2 ways to verify if the FDT is correct.

First in u-boot. You can dump the FDT.
For example if your FDT resides in NV memory first copy it to RAM.

cp.b 0xFFF70000 0x800000 0x200


Setup the fdt, then dump the fdt tree (as seen by u-boot)

fdt addr 800000
fdt print


This should work because your node is static. You will easily see if the device tree is incorrect or not at this point.

Second is in kernel but you have to recompile with debugging! You have to enable CONFIG_DEBUG_FS and define DEBUG arch/powerpc/kernel/prom.c. This will export the device tree in /proc :-)

There is a third way. You can dump the device tree as the kernel parses it very early during the bootup. The exact method escapes me now. I'm pretty certain you need to recompile the kernel and add a bootarg.

Goodluck.

share|improve this answer
    
Thanks, sessyargc.jp! I was able to verify the FDT was good in u-boot using your suggestion. (I had to modify it slightly, since I am pulling the FDT from a TFTP server, but that's a minor difference.) I also found the device tree in /proc/device-tree, per your suggestion, which I was able to use to verify that the kernel had loaded the tree properly. –  Trevor Mar 9 '12 at 20:57
    
That's nice to know. Hope you get it working soon! –  sessyargc.jp Mar 9 '12 at 21:07
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sessyargc.jp's answer was sufficient; however, just for completeness, I wanted to offer a bit of C code that I used to print out some basic tree info from inside the driver:

#include <linux/of_device.h>
#include <linux/of_platform.h>

...
print_device_tree_node(of_find_node_by_path("/"), 0);
...

static void print_device_tree_node(struct device_node *node, int depth) {
  int i = 0;
  struct device_node *child;
  struct property    *properties;
  char                indent[255] = "";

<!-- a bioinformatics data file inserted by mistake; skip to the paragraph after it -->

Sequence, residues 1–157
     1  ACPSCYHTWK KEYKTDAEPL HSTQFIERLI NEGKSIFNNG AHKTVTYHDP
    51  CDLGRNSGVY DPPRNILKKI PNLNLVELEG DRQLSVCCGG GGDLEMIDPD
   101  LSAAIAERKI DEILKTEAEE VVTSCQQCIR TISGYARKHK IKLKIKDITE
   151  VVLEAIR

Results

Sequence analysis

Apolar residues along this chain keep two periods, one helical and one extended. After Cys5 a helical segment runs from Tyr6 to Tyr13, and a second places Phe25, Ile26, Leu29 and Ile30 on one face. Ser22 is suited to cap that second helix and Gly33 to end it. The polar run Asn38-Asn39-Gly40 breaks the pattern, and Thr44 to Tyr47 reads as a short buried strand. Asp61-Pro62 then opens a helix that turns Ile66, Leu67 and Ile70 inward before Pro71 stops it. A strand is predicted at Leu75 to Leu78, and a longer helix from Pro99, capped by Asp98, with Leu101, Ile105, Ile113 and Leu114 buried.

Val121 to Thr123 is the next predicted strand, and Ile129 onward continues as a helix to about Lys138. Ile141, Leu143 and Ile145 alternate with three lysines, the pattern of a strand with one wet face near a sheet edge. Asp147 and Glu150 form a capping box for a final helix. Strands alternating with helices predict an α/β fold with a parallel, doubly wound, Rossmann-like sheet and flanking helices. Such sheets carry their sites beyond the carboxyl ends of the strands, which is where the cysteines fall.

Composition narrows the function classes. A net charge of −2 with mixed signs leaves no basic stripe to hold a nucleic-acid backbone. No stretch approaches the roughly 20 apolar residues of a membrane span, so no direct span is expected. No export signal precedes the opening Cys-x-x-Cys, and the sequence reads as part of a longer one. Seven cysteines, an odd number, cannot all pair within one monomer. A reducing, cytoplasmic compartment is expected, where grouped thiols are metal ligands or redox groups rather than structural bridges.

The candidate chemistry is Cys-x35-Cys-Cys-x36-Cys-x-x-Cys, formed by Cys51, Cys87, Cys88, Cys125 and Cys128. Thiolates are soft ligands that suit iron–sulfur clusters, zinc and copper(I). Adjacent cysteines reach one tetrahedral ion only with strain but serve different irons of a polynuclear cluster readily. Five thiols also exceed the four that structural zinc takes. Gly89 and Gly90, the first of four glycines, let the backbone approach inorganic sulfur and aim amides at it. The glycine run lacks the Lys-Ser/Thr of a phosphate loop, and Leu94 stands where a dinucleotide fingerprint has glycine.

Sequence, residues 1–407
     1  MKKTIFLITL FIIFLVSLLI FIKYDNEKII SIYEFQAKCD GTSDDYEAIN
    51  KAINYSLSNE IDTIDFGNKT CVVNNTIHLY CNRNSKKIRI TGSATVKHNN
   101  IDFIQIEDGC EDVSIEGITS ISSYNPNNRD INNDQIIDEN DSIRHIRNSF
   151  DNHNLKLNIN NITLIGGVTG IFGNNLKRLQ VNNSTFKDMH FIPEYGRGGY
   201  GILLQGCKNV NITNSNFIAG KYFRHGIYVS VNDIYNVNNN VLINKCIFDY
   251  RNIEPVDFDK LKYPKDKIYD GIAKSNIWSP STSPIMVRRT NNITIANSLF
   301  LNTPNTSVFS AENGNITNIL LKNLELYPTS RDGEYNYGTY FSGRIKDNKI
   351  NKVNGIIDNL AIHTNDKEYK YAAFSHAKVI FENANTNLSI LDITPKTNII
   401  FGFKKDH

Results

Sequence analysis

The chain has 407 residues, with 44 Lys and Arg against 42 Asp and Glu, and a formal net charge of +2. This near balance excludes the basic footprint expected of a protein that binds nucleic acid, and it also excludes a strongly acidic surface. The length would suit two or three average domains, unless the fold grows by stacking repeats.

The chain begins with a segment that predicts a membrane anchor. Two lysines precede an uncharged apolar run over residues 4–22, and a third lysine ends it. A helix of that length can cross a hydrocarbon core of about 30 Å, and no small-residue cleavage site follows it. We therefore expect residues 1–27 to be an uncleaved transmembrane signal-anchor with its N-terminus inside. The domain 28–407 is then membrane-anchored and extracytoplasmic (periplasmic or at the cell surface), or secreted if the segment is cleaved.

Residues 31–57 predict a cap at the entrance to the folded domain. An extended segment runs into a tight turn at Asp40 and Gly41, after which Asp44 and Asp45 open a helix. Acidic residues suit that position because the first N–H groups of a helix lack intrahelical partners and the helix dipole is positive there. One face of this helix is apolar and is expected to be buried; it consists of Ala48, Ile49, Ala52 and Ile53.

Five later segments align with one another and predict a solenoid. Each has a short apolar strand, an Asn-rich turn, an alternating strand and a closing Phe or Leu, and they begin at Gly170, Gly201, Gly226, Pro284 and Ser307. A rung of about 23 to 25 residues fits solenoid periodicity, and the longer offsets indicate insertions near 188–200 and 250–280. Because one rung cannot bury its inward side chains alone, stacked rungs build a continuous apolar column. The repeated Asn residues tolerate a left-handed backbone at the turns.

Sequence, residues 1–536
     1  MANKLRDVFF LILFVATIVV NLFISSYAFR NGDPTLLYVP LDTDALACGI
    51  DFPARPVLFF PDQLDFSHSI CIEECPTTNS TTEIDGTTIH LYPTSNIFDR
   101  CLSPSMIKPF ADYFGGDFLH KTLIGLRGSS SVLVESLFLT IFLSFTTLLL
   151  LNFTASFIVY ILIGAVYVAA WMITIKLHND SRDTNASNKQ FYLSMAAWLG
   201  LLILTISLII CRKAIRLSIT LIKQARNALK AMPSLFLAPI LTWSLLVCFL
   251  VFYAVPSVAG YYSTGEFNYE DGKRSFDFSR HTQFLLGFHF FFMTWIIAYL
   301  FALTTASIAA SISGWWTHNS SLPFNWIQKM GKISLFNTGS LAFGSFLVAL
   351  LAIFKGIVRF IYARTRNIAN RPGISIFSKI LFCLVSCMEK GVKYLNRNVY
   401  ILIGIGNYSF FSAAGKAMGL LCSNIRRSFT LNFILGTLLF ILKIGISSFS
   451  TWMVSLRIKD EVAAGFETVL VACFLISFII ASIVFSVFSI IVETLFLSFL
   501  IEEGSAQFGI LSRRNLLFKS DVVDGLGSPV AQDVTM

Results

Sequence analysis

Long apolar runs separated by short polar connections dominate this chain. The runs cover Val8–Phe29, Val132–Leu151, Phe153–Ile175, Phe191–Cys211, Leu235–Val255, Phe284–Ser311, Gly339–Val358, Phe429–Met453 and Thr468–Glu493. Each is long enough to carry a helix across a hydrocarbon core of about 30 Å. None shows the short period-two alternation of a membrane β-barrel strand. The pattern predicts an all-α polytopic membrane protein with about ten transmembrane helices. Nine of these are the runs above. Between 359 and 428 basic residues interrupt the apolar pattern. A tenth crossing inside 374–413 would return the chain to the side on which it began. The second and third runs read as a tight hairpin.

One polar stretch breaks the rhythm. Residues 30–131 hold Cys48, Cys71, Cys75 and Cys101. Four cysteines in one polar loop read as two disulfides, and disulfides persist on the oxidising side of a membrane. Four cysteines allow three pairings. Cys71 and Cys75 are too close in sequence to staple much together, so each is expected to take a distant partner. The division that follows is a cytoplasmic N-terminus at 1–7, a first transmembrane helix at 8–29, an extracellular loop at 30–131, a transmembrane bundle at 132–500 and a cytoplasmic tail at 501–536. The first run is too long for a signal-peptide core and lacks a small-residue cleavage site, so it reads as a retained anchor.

for(i = 0; i < depth * 3; i++) {
    indent[i] = ' ';
  }
  indent[i] = '\0';
  ++depth;

  for_each_child_of_node(node, child) {
    printk(KERN_INFO "%s{ name = %s\n", indent, child->name);
    printk(KERN_INFO "%s  type = %s\n", indent, child->type);
    for (properties = child->properties; properties != NULL; properties = properties->next) {
      printk(KERN_INFO "%s  %s (%d)\n", indent, properties->name, properties->length);
    }
    print_device_tree_node(child, depth);
    printk(KERN_INFO "%s}\n", indent);
  }
}

I wish I knew how to determine each properties type, so I could format the value and output it correctly. Any suggestions?

Lastly, here is the original snippet, modified oh-so slightly:

char *path = "/fpga_dt@c0000000";
struct device_node *dt_node;
const u32 *property;
int len;

dt_node = of_find_node_by_path(path);
if (!dt_node) {
  printk(KERN_ERR "(E) Failed to find device-tree node: %s\n", path);
  return -ENODEV;
}
printk(KERN_INFO "(I) Found device-tree node.  Now retrieving property.\n");

property = of_get_property(dt_node, "reg", &len);

printk(KERN_INFO "(I) len=%d\n", len);
printk(KERN_INFO "(I) reg[0]=0x%08lX\n", (unsigned long) property[0]);
printk(KERN_INFO "(I) reg[1]=0x%08lX\n", (unsigned long) property[1]);
printk(KERN_INFO "(I) reg[2]=0x%08lX\n", (unsigned long) property[2]);
printk(KERN_INFO "(I) reg[3]=0x%08lX\n", (unsigned long) property[3]);

The seg-fault was happening on some bad device-tree paths. Apparently, there was some typeo error. I ultimately fixed the problem by probing the root path, and then some other basic nodes (like, /cpu0, /memory, etc.), and finally I was able to probe my fpga. I am not sure what really changed, but I am able to reference my FPGA's device-tree node correctly now, when using the above code.

Thanks for all the help! :)